As the list of signers attests, People for a Shared Program is an international endeavor, but even just in the U.S., and even just among the U.S. audiences who are already highly attuned to serious left thought and action, much less among the broader currently aroused electorate, wouldn’t an incredible number of people love to see shared progressive left program emerge? And wouldn’t virtually every alternative web system and journal and magazine and radio station, and yes, also every activist organization of the left also celebrate a shared program emerging and being adopted very widely as a touchstone for later shared activity? And can’t we say the same thing for the people and alternative media and left organizations of many many countries around the world, France, Greece, Spain, the UK, Ireland, Germany, Italy, Portugal, Canada, Mexico, Chile, Venezuela, Ecuador, Haiti, Egypt, South Africa, Turkey, India, Philippines, Japan, Vietnam, Australia, and on, and on, and on? If not, then what do such progressive people and operations favor?
So the question arises why don’t tens or hundreds of thousands or, yes, even millions of folks flock to a site that offers a way to undertake a bottom up, diverse, cross border and cross constituency collective process of program development?
Remember, this project isn’t just a shot in the dark day dream of a person or two. It arises from the involvement of 87 of the most prominent and respected social critics and activists in the world.
Folks at large likely aren’t rushing to relate to People for a Shared Program largely because they don’t know about it, and if they did happen to hear of it, they assume it will get nowhere, until and unless they see real momentum. But what about people who are already activists, people who already give a good part of their lives to social change, people who already write and organize, and thus, people who could make People for a Shared Program known to wider audiences? Why don’t those sophisticated and resourceful folks lend a hand?
Is it that we are caught up in the election deluge and can’t tear ourselves away for even an instant? Is it that we are afraid to try for shared program, because we fear that shared program is beyond our capacity to attain - we can forever raise our fists as dissidents with good values and clear understanding, we can never cohere into a united force for change? Is it that we are just too involved in our own very worthy and incredibly time consuming and exhausting endeavors to do what we all nonetheless continually urge needs doing if those endeavors and others are to succeed?
We could try to settle on an answer and then try to address it to overcome the obstacle. That would be a very worthy response, I think.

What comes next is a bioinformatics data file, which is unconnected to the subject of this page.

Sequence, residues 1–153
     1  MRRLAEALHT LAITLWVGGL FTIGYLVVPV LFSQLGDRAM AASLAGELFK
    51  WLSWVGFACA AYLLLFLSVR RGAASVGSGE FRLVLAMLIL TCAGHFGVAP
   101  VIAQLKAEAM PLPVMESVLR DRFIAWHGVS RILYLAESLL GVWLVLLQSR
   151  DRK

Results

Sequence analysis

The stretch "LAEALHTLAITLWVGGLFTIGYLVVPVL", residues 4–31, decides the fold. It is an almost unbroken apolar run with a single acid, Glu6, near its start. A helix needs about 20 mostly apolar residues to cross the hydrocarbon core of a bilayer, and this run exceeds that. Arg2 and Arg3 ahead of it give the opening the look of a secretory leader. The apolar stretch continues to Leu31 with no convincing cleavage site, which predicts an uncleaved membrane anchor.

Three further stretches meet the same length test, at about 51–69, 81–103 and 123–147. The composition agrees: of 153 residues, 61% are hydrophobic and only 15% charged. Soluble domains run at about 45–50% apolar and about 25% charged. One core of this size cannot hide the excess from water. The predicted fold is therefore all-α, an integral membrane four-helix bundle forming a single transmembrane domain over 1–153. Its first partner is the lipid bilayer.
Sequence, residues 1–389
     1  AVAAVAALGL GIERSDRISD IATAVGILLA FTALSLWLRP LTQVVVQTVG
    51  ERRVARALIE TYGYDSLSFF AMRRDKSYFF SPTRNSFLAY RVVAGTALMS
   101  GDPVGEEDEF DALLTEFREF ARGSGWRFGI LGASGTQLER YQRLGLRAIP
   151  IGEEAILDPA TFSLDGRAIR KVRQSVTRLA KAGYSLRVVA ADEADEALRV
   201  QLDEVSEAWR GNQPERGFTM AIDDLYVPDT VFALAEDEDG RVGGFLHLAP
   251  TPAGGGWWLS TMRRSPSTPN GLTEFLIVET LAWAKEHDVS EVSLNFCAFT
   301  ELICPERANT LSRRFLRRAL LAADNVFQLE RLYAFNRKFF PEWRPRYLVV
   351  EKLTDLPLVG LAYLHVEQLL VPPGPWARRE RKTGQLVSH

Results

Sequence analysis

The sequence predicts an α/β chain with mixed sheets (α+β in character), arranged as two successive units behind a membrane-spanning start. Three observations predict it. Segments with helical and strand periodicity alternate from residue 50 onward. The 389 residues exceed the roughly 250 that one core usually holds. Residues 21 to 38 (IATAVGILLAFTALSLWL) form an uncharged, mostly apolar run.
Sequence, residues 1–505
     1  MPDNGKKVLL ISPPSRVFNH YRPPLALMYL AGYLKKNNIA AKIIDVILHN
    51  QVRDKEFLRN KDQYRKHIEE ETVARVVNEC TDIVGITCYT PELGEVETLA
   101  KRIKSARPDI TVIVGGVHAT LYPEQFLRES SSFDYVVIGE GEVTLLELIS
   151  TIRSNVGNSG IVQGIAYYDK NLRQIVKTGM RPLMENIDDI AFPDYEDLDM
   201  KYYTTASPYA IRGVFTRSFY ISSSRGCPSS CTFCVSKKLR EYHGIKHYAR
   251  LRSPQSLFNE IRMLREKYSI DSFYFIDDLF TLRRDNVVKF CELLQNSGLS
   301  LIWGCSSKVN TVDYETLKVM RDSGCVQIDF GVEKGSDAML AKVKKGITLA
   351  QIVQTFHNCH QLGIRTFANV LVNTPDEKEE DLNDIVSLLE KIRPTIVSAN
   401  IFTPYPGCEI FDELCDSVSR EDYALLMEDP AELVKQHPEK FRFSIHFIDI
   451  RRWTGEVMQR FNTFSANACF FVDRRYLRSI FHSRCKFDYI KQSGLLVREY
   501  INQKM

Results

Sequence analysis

But we can try another more hopeful path first. We can engage with People for a Shared Program, even if we have not done so for the past few weeks. We can go to the site, read the material, think about our own views of program, and offer our ideas for improvements or refinements in whatever ways we prefer. We could use the offered forum or blog system. We could comment. Even better, we could write about People for a Shared Program and about our own ideas for new program for other venues. And we could urge others to do likewise.
We could push to see shared program emerge as a step toward creating a new kind of deluge. All other activism would benefit from shared program emerging and winning wide explicit support. Specific current campaigns would gain solidarity with other current campaigns and gain reason to mutually pursue still larger agendas. Established and emerging movements would gain focus, connection, and hope. Deeply dormant yet undeniably paramount desires to build new organization would gain program around which to cohere.
Is all this too ambitious for our times? Yes, much evil is afoot. But millions upon millions of people are aroused, angry, and desirous of good, as well. Yet still, as for the last fifty years, our best minds, our best hearts, our most energetic souls mainly preach about what is wrong. We immerse ourselves and our constituencies in personality politics even while we rage against personality politics. We pursue worthy but narrow agendas while we ourselves argue they can’t win unless they combine into larger unity. We know the programmatic task of the day is generating mass solidarity around larger agendas. We nonetheless leave that task largely unaddressed.
But we can change all that. No law of nature or of history blocks us from doing so. Not even the powers that be block us. What blocks us is within ourselves.
If you have a better path to promote large scale, massively entwined struggle for change than contributing to the project People for a Shared Program, a path that has more promise, a path that has more traction, a path that is more diversely rooted, then by all means pursue that path. And proclaim the need for others to do so as well.
But if you don’t have a better path toward a now much needed massive networking of activism, and you have some time to offer, why not as one part of your personal schedule, join the path of People for a Shared Program and proclaim the need for others to do so as well.
Do you want bottom up solidarity? Do you want participation? Do you want coherent agenda? Do you want activists and organizations to maintain focus but also support one another in growing unity? Of course you do. Pursue it. It won’t come to pass unless we make it happen.
Michael Albert is an American activist, economist, speaker, and writer. He is founder of Z Net and Z Magazine. He co-founded South End Press.